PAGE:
The behaviour of platinum-group elements in basalts from the East Greenland rifted margin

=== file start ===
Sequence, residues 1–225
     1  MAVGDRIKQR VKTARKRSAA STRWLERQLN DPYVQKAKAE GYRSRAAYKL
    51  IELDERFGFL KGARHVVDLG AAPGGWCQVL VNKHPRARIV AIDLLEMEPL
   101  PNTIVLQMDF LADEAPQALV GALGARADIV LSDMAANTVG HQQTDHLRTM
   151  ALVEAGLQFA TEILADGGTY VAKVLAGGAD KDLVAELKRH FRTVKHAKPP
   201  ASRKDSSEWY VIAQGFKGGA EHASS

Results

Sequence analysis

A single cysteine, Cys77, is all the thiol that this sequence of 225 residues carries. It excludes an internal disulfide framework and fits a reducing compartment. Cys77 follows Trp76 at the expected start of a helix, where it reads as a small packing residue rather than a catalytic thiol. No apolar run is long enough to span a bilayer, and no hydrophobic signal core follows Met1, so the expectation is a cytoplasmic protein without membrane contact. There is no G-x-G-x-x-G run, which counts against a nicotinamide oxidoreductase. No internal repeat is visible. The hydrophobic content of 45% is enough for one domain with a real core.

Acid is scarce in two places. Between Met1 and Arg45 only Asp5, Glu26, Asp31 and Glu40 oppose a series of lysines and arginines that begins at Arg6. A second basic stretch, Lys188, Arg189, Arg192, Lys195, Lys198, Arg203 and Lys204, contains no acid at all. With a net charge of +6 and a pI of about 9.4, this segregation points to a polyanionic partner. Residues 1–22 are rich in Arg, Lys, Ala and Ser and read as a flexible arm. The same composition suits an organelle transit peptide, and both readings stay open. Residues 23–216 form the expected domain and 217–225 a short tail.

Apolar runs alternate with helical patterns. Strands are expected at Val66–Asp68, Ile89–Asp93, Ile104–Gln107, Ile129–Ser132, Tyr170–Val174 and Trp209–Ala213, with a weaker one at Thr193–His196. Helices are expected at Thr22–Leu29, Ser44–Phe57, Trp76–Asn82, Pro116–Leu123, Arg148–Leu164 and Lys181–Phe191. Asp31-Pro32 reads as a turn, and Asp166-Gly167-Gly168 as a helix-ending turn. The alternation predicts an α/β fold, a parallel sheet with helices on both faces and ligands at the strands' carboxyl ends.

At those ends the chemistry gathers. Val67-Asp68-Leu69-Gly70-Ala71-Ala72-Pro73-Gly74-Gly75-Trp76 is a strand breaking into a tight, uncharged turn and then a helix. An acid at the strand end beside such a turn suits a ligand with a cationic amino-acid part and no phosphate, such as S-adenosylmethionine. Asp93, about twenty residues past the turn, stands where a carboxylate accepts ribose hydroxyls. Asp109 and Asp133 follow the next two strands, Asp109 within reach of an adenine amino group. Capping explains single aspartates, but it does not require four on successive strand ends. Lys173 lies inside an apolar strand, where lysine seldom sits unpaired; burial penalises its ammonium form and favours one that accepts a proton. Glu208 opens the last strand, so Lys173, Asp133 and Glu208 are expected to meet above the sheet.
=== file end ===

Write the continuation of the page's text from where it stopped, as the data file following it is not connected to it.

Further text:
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The continental flood basalts of the East Greenland volcanic rifted margin were extruded during continental breakup above the ancestral Iceland mantle plume at 55 Ma. Three distinct magma types, the low-Ti, high-Ti and very high-Ti series (LTS, HTS and VHTS respectively), are found intercalated in the ~6-km-thick Plateau Lava sequence. Incompatible trace elements indicate that the LTS are derived from a more depleted mantle source compared to HTS and VHTS. The LTS is characterised by increasing Cu (105 to 248 ppm) and Pd (7 to 24 ppb), constant Cu/Pd ratio (~10,000), and decreasing Ir (1.1 to <0.05 ppb) and Ru (1.8 to <0.3 ppb) concentrations during magmatic differentiation (16 to 7 wt% MgO). The constant Cu/Pd ratio reflects silicate- and chromite-dominated fractionation without concurrent segregation of sulphide. S-undersaturated differentiation is also indicated in the HTS, which also displays increasing Pd (6–16 ppb) and decreasing Ir concentrations (1 to <0.05 ppb) during differentiation, and the Cu/Pd ratios for the entire series average 21,000. However, some HTS samples have elevated Cu/Pd ratios (up to 33,000). Cu/Pd ratios in the HTS do not correlate with MgO, and this is interpreted to reflect varying Cu/Pd ratios of HTS parental magmas rather than S-saturated differentiation. During S-undersaturated differentiation of the LTS and HTS, Pt/Pd ratios decrease from 1.3 to 0.11 and 1.1 to 0.2 respectively, which indicates that Pd is much more incompatible than Pt during S-undersaturated differentiation. The VHTS consists exclusively of highly evolved samples with low MgO (6.6–6.1 wt%) and Pd/Ir ratios 98–228. Here, Cu/Pd ratios increase from 17,500 to 35,000 with decreasing Cr concentrations which indicate that these magmas experienced silicate fractionation with concurrent segregation of sulphide. The LTS represent melting of a depleted source and show high PGE concentrations and constant Cu/Pd ratios during S-undersaturated differentiation. Melting of a normal depleted upper mantle source generates S-saturated melts (MORB), and the depleted LTS source is therefore considered an extraordinary S-poor component within the ancestral Iceland plume. Of the three series, the VHTS contain the largest contribution from enriched mantle portions. The VHTS have similar PGE but much higher Nb concentrations for instance compared to the most evolved LTS and HTS samples, indicating that the enriched source contributes Nb but not PGE.
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